I work on Fridays. But if you look at my calendar on a good week, you wouldn’t think I do.
I got in the habit of leaving Fridays open a few years ago when I realized that packing my calendar too tightly was an invitation to disaster. I’d write down my priorities for the week and assign each priority a time, but inevitably, things would come up. These could be not-so-great things, like fitting in a doctor visit, or good things: a quick-turn-around assignment at a new publication, an invitation to a lunch I wouldn’t want to miss. To use Donald Rumsfeld’s phrase, these were "known unknowns." I didn’t know what would come up, but I knew something would.
Having open Fridays, I decided, would let me bump projects there. My priorities wouldn’t have to roll over into the next week, which probably had its own deadlines.
I’ve long called Fridays my "mop-up" day, but I came across a better word for this concept while reading Sendhil Mullainathan and Eldar Sharif’s new book, Scarcity. The word they use for open space? Slack.
While Mullainathan and Sharif, an economist and a psychologist, spend most of their book talking about the decisions people make under the stress of monetary poverty, time poverty comes up, too. When time is in short supply, you start obsessing about it. You think about deadlines even during your days off. You may have trouble sleeping, which hardly helps with work performance. In the worst case scenario, you "borrow" time at high interest rates from the weeks to come. When a meeting runs long, you cancel another and then double book a time slot in the future. You stack new deadlines on top of each other, as if time will somehow magically expand beyond the 24 hours per day the universe grants us. It’s much like someone short on cash taking out a payday loan. You suffer from the usury—but at least you get the cash now. Tomorrow, you hope, will sort itself out.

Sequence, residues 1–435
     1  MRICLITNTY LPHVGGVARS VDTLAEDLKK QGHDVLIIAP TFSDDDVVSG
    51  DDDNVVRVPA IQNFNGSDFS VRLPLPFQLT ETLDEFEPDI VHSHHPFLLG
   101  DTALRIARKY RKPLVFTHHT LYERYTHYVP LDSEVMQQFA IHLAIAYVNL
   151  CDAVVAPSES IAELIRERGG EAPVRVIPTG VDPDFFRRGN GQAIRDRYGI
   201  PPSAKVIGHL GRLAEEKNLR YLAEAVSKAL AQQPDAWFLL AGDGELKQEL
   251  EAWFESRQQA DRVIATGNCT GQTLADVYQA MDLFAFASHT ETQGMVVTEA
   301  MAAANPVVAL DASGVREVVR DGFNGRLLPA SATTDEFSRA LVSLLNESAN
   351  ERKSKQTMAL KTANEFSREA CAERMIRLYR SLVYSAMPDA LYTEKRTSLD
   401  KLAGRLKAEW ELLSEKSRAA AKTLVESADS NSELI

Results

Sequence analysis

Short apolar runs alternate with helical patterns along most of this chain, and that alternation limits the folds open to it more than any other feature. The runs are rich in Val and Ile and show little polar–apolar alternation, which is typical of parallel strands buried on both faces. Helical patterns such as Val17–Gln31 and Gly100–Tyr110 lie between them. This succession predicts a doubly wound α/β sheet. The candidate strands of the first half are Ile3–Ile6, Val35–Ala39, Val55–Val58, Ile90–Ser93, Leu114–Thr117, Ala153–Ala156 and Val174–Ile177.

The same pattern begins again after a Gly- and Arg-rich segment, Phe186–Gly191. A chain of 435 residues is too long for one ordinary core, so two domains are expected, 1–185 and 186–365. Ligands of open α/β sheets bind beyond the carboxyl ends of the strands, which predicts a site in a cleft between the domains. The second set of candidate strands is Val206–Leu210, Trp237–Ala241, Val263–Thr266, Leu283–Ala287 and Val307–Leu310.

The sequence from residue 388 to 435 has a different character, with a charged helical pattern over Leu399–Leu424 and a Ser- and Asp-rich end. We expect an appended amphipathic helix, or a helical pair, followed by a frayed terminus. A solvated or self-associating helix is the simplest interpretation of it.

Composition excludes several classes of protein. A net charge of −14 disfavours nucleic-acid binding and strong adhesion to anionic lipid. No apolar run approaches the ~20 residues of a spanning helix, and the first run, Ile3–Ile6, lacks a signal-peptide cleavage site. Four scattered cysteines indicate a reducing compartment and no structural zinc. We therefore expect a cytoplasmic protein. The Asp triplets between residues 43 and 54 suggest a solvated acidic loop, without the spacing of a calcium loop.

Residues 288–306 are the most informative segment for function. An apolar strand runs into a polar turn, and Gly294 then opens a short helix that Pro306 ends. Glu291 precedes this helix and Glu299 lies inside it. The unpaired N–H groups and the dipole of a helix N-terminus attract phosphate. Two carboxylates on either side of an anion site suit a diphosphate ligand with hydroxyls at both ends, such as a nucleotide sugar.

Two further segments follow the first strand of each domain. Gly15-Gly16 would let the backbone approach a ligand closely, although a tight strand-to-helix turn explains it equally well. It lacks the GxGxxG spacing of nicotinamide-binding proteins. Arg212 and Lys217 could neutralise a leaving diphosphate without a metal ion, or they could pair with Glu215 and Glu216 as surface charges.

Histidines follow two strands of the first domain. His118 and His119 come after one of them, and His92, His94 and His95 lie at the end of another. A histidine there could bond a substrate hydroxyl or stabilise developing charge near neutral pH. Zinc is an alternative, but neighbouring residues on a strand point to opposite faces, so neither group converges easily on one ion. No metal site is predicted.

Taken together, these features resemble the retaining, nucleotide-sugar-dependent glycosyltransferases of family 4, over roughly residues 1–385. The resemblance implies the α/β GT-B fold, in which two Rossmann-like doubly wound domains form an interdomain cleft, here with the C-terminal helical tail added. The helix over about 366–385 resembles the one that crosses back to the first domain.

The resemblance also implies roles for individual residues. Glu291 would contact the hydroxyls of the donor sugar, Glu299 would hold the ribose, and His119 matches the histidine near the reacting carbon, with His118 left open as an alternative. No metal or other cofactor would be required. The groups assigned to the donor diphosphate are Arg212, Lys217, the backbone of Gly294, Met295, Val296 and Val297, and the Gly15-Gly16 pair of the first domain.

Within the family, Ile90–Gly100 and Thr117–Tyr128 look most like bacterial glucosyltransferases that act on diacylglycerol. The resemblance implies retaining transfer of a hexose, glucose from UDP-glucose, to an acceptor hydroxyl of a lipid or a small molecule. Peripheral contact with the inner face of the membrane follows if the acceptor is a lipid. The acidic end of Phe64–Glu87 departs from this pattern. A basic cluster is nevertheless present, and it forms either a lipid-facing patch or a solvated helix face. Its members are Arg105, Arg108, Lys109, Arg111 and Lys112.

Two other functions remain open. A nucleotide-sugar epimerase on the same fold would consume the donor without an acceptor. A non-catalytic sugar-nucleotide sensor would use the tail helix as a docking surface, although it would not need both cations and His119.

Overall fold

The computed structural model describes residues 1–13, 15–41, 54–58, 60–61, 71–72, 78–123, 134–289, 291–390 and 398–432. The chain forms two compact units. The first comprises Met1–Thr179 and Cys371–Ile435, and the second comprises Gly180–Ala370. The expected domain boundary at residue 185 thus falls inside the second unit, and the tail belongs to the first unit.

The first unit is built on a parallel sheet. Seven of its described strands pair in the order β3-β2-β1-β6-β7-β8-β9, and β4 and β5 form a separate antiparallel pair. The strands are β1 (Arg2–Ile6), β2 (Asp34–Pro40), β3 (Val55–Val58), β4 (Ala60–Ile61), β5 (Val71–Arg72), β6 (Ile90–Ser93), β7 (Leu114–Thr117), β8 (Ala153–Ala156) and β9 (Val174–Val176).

But when will you have slack? Having slack in your schedule is the equivalent of being a millionaire in the grocery store. If the yogurt isn’t on sale and apples are 30 cents more a pound than they were last year, it’s all good. You don’t even notice these things, because paying a bit more at the register doesn’t require you to trade off things you actually care about, the way someone of lesser means might need to do. Slack in your schedule likewise lets you laugh off a late meeting or shrug if someone misses a deadline by a few hours. You’ve got space to cope. And that space lets you make calmer decisions than you would make in its absence.
To be sure, scheduling open time when you’re swamped seems crazy. When you’ve got dozens of people asking for time, keeping 2 p.m. to 3:30 p.m. open on your calendar three days a week feels almost selfish.
But the truth is, constantly canceling, showing up late, and rushing from thing to thing is also selfish. It keeps you from giving people your best.
Slack in your schedule means the trains run on time and you can seize opportunities that come to you. Time is a limited resource, but with enough slack, it doesn’t feel that way. You have time for whatever matters to you.
Do you leave slack in your schedule?
[Image: Flickr user José Manuel Ríos Valiente]